The number of IPOs filed in the United States dropped precipitously in the wake of Facebook's (Nasdaq: FB ) bungled offering this past May. In a typical June, an average of 18 companies go public. This June, only eight took the plunge.
If the end of last week is any indication, however, then the drought may be ending, as investors now have four new companies to sink their capital into. Discount teen retailer Five Below (Nasdaq: FIVE ) and biotech Durata Therapeutics (Nasdaq: DRTX ) listed on Thursday, while travel search engine Kayak Software (Nasdaq: KYAK ) and security-technology company Palo Alto Networks (NYSE: PANW ) began trading on Friday.
First Day Closing Price
First Day Performance
|Palo Alto Networks
Source: Renaissance Capital and Yahoo! Finance.
The strongest indication that the IPO market is on the road to recovery is how well the listings were received by institutional and retail investors alike. With the exception of Durata, all of the companies priced either at the top of or beyond their anticipated ranges, with Palo Alto Networks exceeding its initial range by 13.5%. And without exception, every company closed higher on the first day of trading, with Five Below up an impressive 55.9%.
According to Renaissance Capital, a global provider of institutional research on IPOs, "[Last] week's IPO performance reflects investor preference for high-growth business models, particularly in the consumer and tech sectors."
This week provides further evidence of a recovery, with a slew of additional companies going public, including Mexican restaurant chain Chuy's Holdings, organic grocer Natural Grocers, and enterprise software company E2open.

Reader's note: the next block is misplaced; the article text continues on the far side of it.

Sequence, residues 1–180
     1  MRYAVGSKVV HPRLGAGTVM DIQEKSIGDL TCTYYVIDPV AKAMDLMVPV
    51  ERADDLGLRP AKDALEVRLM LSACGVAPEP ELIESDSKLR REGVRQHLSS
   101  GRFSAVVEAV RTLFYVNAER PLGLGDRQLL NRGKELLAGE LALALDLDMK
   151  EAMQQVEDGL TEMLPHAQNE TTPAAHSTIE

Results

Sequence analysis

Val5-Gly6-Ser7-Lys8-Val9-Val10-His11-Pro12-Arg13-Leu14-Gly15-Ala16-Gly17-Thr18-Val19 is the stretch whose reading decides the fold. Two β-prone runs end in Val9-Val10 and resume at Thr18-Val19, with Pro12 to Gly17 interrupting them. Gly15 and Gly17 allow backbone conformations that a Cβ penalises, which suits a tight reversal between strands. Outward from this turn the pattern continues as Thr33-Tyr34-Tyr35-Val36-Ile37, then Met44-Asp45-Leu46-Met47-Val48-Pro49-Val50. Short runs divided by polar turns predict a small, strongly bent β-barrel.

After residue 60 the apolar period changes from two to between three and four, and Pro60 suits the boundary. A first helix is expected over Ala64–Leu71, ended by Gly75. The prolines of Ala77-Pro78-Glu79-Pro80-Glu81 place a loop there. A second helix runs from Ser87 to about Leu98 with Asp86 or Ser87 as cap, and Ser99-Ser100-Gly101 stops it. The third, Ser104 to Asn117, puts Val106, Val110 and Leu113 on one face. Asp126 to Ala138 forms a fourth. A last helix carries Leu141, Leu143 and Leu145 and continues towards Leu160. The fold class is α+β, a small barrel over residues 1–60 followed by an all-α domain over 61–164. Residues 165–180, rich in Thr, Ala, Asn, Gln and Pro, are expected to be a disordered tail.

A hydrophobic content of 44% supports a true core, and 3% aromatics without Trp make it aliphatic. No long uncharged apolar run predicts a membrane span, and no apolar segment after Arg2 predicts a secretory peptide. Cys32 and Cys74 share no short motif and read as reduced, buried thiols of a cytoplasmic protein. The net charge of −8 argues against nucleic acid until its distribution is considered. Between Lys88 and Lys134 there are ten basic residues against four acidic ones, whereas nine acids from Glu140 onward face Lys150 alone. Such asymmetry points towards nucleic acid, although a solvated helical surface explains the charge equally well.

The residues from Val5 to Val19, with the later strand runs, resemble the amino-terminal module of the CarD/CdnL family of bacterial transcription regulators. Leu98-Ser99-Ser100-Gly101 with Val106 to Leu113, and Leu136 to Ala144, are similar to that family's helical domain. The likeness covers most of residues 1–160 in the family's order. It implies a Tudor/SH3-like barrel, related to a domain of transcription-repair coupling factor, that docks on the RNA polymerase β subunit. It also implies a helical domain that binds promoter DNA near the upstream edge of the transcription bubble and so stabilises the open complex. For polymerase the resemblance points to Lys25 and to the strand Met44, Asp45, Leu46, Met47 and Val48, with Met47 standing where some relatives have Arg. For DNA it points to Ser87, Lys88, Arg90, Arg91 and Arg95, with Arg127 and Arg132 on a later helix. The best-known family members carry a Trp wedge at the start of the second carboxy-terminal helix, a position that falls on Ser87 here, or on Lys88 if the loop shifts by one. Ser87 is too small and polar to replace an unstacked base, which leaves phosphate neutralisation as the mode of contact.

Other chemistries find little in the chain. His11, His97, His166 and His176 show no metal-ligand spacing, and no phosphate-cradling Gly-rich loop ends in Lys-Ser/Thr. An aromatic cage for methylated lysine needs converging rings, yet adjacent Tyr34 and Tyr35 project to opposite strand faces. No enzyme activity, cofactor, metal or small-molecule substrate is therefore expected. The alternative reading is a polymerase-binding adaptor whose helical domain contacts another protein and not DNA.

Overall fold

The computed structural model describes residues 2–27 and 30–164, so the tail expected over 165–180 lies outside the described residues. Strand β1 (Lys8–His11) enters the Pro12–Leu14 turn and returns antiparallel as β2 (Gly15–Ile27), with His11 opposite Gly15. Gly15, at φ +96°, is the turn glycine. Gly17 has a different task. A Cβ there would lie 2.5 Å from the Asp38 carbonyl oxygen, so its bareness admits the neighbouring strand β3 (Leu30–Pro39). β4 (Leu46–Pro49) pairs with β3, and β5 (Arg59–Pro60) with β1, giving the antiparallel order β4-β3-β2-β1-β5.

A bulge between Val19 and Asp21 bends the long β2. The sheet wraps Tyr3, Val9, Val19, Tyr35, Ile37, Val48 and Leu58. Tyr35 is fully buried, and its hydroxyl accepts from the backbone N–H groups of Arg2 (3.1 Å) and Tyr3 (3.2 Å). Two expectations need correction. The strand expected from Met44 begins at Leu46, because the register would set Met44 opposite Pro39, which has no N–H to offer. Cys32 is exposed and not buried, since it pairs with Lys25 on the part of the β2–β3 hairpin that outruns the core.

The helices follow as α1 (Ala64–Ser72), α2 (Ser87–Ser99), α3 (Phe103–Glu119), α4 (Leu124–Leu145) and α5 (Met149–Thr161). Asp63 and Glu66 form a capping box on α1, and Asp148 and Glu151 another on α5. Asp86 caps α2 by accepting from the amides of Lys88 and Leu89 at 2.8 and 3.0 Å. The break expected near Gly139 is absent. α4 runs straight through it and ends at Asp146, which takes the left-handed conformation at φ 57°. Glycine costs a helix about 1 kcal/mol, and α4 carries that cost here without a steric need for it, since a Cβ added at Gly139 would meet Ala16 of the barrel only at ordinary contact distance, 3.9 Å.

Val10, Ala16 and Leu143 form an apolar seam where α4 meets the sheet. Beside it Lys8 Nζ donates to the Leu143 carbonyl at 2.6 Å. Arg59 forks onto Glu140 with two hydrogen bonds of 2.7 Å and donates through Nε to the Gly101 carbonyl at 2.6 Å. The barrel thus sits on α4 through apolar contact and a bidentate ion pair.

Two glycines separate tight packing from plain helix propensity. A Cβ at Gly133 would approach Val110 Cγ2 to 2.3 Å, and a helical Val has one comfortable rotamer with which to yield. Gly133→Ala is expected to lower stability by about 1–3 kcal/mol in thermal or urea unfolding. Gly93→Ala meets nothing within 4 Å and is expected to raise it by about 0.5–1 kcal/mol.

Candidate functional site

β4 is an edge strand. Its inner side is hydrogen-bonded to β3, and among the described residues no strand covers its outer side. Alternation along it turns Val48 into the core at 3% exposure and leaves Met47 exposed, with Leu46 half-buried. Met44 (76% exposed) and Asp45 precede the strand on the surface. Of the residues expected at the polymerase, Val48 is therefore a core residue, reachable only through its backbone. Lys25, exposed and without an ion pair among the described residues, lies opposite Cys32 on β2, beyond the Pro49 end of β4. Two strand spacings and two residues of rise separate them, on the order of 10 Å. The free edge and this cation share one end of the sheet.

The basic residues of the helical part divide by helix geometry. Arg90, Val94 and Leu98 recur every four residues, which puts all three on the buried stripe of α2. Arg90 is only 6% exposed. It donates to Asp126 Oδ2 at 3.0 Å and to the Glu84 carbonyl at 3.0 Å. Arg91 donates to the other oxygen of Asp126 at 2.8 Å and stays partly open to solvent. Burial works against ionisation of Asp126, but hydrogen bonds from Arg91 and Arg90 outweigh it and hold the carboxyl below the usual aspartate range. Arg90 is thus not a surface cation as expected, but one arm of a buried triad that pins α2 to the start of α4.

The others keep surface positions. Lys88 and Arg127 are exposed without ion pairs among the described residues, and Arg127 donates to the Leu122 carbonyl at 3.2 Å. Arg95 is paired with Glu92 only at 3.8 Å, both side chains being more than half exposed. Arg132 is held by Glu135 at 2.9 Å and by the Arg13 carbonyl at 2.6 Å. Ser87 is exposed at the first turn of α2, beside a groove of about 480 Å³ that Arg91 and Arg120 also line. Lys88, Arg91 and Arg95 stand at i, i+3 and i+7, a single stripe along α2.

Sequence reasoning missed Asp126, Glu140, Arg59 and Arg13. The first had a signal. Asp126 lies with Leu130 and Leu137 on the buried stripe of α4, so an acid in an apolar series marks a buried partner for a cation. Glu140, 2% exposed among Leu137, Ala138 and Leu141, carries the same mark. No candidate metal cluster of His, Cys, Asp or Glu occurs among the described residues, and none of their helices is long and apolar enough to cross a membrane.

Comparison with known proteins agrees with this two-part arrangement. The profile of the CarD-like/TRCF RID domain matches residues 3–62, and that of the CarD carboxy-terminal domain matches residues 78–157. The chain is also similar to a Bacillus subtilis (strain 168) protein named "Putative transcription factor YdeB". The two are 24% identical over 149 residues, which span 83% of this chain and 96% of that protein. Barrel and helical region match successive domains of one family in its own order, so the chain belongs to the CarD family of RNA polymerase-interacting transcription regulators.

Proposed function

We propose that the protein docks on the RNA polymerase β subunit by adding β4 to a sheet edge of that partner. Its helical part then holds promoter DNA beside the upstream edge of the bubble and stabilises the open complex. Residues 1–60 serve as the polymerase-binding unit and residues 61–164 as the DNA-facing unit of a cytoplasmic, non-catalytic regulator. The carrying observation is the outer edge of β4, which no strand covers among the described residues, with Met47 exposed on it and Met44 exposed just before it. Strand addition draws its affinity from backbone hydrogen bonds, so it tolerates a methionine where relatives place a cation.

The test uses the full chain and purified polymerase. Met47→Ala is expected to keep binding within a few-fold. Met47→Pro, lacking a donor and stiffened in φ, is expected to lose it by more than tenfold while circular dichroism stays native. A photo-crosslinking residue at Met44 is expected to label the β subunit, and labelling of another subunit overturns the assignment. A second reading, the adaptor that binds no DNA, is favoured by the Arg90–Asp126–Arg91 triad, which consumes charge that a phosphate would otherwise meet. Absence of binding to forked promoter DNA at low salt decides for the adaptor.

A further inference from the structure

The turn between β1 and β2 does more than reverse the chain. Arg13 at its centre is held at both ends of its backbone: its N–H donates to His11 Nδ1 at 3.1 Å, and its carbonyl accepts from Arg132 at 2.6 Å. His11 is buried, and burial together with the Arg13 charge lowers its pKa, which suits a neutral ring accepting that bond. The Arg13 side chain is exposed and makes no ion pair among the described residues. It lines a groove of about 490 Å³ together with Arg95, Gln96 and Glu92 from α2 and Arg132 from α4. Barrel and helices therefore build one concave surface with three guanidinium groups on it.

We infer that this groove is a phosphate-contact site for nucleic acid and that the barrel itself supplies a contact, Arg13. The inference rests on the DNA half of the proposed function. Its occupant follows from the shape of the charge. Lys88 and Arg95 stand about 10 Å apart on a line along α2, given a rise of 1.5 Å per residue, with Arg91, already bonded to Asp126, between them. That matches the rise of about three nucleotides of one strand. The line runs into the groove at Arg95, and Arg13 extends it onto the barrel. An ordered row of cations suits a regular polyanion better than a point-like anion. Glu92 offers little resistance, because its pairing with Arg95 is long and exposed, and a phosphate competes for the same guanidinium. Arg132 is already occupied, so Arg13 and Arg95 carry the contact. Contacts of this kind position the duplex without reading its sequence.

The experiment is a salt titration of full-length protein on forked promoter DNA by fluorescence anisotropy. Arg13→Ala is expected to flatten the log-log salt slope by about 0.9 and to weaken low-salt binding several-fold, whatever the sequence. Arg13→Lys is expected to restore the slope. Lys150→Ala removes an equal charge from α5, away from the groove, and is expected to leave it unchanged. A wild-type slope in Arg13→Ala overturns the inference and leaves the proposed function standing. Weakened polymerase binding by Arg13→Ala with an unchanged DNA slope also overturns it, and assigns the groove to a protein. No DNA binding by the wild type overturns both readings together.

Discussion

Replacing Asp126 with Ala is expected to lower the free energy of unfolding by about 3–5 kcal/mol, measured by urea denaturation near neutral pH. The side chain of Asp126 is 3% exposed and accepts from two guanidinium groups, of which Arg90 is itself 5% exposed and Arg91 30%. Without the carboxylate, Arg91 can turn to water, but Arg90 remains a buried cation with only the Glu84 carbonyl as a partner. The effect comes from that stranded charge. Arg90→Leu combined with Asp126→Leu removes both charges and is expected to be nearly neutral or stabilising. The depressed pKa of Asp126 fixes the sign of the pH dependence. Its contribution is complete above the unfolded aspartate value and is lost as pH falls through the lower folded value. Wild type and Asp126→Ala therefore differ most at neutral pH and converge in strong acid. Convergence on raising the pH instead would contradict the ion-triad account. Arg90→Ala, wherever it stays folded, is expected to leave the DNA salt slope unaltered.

Should ordinary investors buy into the IPO hype?
While this is good news for the market, ordinary investors should be careful before fully embracing the reinvigorated trend. As my colleague Ilan Moscovitz and I discussed in a recent series on IPOs, the deck is stacked against retail investors in at least two important ways:
First, insiders, underwriters, and their favored clients have access to more and better information than do ordinary investors. This gives them an unfair advantage over us in estimating a company's fair value....
Second, there's unequal access to shares. The initial offering is traditionally limited to preferred clients of underwriters. By the time we can buy shares, there's already been a significant markup. It's estimated that from 1990 to 2009, that markup averaged 22%, totaling $124 billion.
This issue is more pertinent than ever in the wake of the Jumpstart Our Business Startups Act of 2012, or JOBS Act. Under the auspices of job creation, the act eases the regulatory burden for the vast majority of companies going public and thereby makes it easier for the unscrupulous ones to commit fraud. Eliot Spitzer, the former New York attorney general, even suggested renaming the legislation the "Return Fraud to Wall Street in One Easy Step Act."
Until further notice, it'd be wise to avoid IPOs
For what it's worth, I would urge individual investors to avoid the IPO market altogether. At present, it's simply too tilted against us to provide the type of unbiased returns we expect from the market. Not to mention, given time to season, stocks can settle into a more stable, long-term valuation.
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